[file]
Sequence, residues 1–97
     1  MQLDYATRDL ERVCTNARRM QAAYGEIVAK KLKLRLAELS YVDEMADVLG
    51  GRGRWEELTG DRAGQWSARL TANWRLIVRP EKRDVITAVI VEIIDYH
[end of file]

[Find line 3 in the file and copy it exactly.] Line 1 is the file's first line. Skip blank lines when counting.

    51  GRGRWEELTG DRAGQWSARL TANWRLIVRP EKRDVITAVI VEIIDYH